BBC uploads the video after it broadcast the documentary on December 16 gangrape in Delhi
GN Bureau | March 5, 2015
After issuing a ban on broadcast and sharing under IT act, the government has now asked video sharing website YouTube to remove the controversial BBC documentary on Delhi gangrape as it went viral. BBC, which released the documentary on Wednesday night in the UK, has uploaded it on the YouTube.
Communications and IT Ministry has told YouTube that the issue is very sensitive and it should review its position on the matter, and remove it from the website.
The video sharing site has not confirmed whether it has received a notification from the government, which is required to remove the content from its site. However, a YouTube spokesperson told media that "While we believe that access to information is the foundation of a free society and that services like YouTube help people express themselves and share different points of view, we continue to remove content that is illegal or violates our community guidelines, once notified."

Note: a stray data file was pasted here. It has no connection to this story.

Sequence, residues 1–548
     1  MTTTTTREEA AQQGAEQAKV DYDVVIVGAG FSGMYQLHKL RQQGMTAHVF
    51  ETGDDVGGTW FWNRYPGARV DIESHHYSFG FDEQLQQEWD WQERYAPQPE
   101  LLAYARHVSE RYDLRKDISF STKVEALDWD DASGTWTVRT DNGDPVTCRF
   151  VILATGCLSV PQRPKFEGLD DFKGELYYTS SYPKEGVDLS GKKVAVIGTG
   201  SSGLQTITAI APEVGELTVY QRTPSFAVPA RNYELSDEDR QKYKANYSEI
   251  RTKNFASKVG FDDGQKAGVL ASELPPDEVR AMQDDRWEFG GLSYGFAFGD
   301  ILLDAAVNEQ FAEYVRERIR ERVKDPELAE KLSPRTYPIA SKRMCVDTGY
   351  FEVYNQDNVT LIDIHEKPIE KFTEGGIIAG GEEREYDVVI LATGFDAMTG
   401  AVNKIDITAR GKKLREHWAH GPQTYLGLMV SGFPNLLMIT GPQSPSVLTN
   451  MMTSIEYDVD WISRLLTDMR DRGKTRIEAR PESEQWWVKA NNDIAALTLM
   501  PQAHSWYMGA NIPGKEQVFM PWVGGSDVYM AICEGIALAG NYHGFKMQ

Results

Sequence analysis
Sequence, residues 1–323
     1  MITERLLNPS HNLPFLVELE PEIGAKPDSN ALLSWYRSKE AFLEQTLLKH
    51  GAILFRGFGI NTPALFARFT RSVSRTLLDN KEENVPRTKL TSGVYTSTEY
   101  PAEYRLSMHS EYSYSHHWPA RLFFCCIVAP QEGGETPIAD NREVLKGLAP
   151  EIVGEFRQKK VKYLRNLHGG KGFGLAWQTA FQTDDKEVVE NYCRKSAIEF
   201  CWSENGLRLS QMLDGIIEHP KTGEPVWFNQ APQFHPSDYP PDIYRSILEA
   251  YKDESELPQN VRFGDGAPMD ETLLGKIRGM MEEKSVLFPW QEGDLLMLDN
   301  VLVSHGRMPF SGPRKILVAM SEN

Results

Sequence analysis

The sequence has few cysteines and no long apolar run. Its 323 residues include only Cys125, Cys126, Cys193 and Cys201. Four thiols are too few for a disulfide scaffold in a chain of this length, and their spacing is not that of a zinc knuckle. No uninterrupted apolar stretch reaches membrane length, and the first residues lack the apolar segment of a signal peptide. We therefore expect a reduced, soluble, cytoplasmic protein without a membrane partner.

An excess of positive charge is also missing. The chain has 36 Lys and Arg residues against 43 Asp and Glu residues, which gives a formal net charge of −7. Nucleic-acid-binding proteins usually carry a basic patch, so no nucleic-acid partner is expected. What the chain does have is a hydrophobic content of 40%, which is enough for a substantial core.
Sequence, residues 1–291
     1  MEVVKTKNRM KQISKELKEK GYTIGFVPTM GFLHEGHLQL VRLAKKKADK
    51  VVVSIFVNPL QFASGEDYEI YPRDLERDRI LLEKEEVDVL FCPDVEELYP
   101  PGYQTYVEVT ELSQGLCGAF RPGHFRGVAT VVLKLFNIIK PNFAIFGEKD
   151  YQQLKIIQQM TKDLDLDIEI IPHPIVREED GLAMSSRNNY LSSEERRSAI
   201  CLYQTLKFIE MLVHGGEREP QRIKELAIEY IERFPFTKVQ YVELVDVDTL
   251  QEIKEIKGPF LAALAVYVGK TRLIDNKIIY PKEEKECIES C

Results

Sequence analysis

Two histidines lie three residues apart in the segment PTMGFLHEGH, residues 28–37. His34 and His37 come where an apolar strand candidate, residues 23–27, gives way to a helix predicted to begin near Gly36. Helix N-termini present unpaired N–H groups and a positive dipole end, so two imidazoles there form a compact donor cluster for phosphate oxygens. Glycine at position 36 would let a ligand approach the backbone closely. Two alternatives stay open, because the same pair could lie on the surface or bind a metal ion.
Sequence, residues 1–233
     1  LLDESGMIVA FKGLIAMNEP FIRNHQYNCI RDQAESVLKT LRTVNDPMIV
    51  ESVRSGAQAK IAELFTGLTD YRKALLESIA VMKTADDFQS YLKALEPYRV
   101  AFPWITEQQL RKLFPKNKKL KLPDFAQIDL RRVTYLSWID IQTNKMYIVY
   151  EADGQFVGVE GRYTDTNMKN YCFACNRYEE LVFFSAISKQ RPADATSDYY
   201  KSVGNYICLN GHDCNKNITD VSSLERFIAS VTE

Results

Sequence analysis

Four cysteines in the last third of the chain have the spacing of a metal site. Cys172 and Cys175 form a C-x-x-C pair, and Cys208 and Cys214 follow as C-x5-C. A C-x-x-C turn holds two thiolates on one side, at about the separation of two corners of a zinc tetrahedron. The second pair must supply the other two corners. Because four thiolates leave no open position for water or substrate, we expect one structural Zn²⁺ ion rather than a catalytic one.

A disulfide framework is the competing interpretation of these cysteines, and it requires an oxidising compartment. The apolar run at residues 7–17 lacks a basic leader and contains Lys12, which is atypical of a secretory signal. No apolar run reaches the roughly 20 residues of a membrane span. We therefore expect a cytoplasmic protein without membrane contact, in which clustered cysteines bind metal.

The world is watching u on this NaMo.Judging you,your govt,our society n culture.will your govt still act like Neanderthals?#IndiasDaughter— anvita9 (@anvita9) March 5, 2015
BBC aired the documentary, containing the controversial interview of a convict in the December 16 gangrape despite the Home Ministry asking the news organisation not to do so.
A Delhi court in its order restrained airing or broadcasting the interview of the convict Mukesh Singh, which was conducted inside the Tihar jail here, till further orders. BBC on Thursday conveyed to the government that it has no plans to telecast the film in India in compliance with the directive. Delhi Police has also issued newspaper advertisements on the court order and asked public not to show the documentary.
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